They say you can get used to anything if you have to, and maybe that's true. But should you have to? With something like the calamitous situation in Syria, people have had to get used to far too much, far too young.
Farida, an obstetrician from Aleppo demonstrates the point. The last woman doing her job in the whole of the besieged eastern half of the city, she's trying to do what she can for 275,000 people trapped by Syrian government forces while she and her husband also look after their eight-year-old daughter. Speaking to the Daily Telegraph recently, Farida talks about how she wants her daughter "to live like other children":
"Sometimes she tells me, I want to eat a potato. And there is no potato. Sometimes she wants an ice-cream and there is no ice cream. She wants to go to school and most of the days the schools are closed because the warplanes are bombing. I just want her live like other children in the world."
Instead she's living like other children in east Aleppo. There are something like 100,000 children in her situation. So, apart from the comparatively well-known children - like Omran Daqneesh, "the boy in the ambulance", or Bana Alabed, the girl live-tweeting from Aleppo - that's a huge number of incredibly vulnerable young people whose stories very few people know.
In just one recent four-week period (mid-September to mid-October) something like 120 children were killed by the barrel bombing and air strikes in east Aleppo. That's an average of four or five children killed every day. In just east Aleppo. It's an absolute tragedy and nothing can justify it. The wider situation for children in Syria is beyond bleak. Thousands have already been killed (there don't even seem to be accurate figures), around 2.7m are not going to school (there have been thousands of attacks on school buildings), and something like eight million children have been growing up knowing nothing but conflict. What a generational disaster.
It's this sheer, unforgivable horror that has prompted the latest round of desperate rallies and demos like last Saturday's Rally for Aleppo in London, with teddy bears piled up outside Downing Street calling for greater governmental action to stop the slaughter. Similarly, there were blood-stained teddy bears in Berlin a couple of days before. People just want this to stop.
With those 120 east Aleppo children killed in four weeks (not to mention some 280 or so adults also killed), the overwhelming majority (about four-fifths) of the attacks that killed them were carried out by Russian war planes. It's Russia not the Syrian government that has recently been pulverising east Aleppo. Russia's record of indiscriminate bombing in Syria, including of hospitals and other medical facilities, is now widely documented. So quite what the bombed and desperate people of east Aleppo make of Sergei Lavrov's talk of Russia's "goodwill gestures" concerning so-called humanitarian corridors is ... anyone's guess.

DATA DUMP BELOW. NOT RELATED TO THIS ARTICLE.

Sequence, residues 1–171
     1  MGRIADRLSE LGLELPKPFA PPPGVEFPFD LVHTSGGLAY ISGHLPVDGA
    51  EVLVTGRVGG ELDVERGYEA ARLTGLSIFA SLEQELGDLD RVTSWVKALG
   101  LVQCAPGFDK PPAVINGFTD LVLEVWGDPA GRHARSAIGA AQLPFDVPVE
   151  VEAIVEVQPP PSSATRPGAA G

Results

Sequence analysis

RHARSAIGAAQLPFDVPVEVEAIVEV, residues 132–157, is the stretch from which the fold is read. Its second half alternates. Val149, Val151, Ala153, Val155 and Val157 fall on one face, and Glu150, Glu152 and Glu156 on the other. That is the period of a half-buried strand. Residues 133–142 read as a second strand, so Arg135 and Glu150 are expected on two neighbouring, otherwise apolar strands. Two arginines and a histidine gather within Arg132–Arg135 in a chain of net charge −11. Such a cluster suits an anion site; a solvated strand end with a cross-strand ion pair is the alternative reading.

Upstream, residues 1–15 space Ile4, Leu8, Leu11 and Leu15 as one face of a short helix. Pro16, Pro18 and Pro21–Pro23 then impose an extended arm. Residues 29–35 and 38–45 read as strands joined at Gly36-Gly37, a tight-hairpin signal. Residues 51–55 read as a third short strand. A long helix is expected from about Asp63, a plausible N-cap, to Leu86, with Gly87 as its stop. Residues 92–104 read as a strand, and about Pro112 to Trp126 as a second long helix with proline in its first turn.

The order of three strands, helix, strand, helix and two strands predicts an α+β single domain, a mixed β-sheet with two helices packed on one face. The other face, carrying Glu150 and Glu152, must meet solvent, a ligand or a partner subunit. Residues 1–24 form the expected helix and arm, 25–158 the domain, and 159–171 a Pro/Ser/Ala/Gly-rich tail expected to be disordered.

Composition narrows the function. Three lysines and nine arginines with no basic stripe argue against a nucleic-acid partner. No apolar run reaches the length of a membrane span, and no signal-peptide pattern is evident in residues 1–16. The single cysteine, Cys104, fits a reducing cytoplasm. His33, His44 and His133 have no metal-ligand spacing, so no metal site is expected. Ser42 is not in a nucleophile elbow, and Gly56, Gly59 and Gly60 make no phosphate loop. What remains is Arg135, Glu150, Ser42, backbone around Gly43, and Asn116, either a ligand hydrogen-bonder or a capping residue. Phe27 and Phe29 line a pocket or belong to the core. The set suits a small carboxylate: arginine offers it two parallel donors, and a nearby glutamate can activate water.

Meanwhile, what is the average resident of east Aleppo likely to think of the Syrian army using loudspeakers to broadcast this message?:
"We guarantee a safe exit. Seize the opportunity and save yourself. An appeal to our people ... we will extend every help from shelters to hot dishes and facilities that offer you medical treatment."
Save yourself. All the more threatening because it comes in the guise of a goodwill message, this chilling warning seems to presage a further onslaught of even greater proportions.
And this may indeed be coming. As the analyst Shiraz Maher points out, Russia's strategic commitment to Syria suggests it will stop at nothing to get what it wants in this conflict. Its endgame is likely to be some kind of "total victory" where Bashar al-Assad retains power and each village, town and city is gradually - month by grinding month - brought under the control of the Syrian army or its proxies. Vladimir Putin's spokesperson Dmitry Peskov has been talking about "just two options: Assad sitting in Damascus or the Nusra [Jabhat al-Nusra/Jabhat Fateh al-Sham] sitting in Damascus".
What this all means for Syria's civilian population, including its children, is frightening. Depressingly enough, it feels as if there could be a lot more suffering to come.
One of the people featured in the Daily Telegraph article I mentioned at the beginning of this blog is Abdulkafi al-Hamdo, a 31-year-old English teacher and activist in east Aleppo. In a tweet the other day he shows us a video of himself and the seven-year-old girl Bana Alabed, both shown speaking to the world in their charmingly imperfect English. The shy little girl smilingly says "I am Bana from Aleppo". How much longer is she going to be smiling and speaking to the outside world like this ...?Suggest a correction